by Zoë Pollock
We often talk of relationships ending, less so when they're between friends; Emily Bernard testifies:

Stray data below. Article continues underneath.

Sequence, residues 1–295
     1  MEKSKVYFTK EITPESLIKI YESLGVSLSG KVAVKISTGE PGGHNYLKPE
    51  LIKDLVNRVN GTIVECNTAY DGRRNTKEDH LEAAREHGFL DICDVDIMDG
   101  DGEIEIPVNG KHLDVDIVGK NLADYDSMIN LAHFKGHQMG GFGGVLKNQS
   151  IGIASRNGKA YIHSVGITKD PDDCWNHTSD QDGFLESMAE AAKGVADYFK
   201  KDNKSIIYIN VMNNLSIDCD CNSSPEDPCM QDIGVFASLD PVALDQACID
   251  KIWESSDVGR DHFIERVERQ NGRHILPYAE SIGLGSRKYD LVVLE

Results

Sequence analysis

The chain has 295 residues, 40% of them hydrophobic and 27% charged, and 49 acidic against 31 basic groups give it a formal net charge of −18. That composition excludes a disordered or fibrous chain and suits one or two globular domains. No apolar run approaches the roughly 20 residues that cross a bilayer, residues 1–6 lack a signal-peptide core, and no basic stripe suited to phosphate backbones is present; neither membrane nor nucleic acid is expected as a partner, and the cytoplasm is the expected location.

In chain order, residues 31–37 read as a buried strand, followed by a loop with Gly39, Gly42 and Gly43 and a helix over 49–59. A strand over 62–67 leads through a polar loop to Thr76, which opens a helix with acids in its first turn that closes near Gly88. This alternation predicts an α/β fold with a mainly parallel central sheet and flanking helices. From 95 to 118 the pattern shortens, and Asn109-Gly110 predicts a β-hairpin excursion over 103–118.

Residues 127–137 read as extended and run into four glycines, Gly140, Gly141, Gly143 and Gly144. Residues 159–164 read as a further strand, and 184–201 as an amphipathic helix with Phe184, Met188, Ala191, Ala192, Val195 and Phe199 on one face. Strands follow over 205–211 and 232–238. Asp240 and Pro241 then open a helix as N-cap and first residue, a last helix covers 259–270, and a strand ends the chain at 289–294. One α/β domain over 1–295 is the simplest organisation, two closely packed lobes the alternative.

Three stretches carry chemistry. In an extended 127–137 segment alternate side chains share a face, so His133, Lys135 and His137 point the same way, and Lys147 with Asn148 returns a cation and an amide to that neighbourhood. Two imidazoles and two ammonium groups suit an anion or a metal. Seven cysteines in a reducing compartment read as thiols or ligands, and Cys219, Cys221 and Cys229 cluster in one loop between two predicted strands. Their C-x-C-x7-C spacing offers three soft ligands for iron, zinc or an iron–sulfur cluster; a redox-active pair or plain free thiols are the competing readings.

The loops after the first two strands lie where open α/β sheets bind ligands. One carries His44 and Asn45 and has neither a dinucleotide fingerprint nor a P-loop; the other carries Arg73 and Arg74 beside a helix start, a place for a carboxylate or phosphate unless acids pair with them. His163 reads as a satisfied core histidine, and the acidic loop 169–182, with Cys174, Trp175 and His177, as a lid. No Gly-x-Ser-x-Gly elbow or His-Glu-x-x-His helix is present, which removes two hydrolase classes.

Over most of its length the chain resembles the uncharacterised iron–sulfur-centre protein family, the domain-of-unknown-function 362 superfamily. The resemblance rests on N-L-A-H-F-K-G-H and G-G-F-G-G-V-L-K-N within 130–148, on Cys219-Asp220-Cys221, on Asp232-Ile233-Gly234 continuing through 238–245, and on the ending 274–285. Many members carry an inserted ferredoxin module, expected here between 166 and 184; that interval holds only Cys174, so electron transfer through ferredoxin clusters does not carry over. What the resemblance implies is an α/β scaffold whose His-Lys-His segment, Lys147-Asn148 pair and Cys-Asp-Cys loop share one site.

In our culture, it seems, friendships are generally considered to be incidental—garnishes on the plate of important relationships, like those between family members and spouses. There are no institutions, no common rituals to support either the initiation or termination of bonds between friends. … I grew up around adult women who believed that men had ruined their lives. Therefore, in romance, I have always proceeded with suspicion. In friendships, I have taken risks, been vulnerable, asked to know and be known. As a result, it has been in friendship that I have learned the pleasures and dangers of intimacy: the pleasures of loving openly and recklessly; the dangers of having it end before you are ready.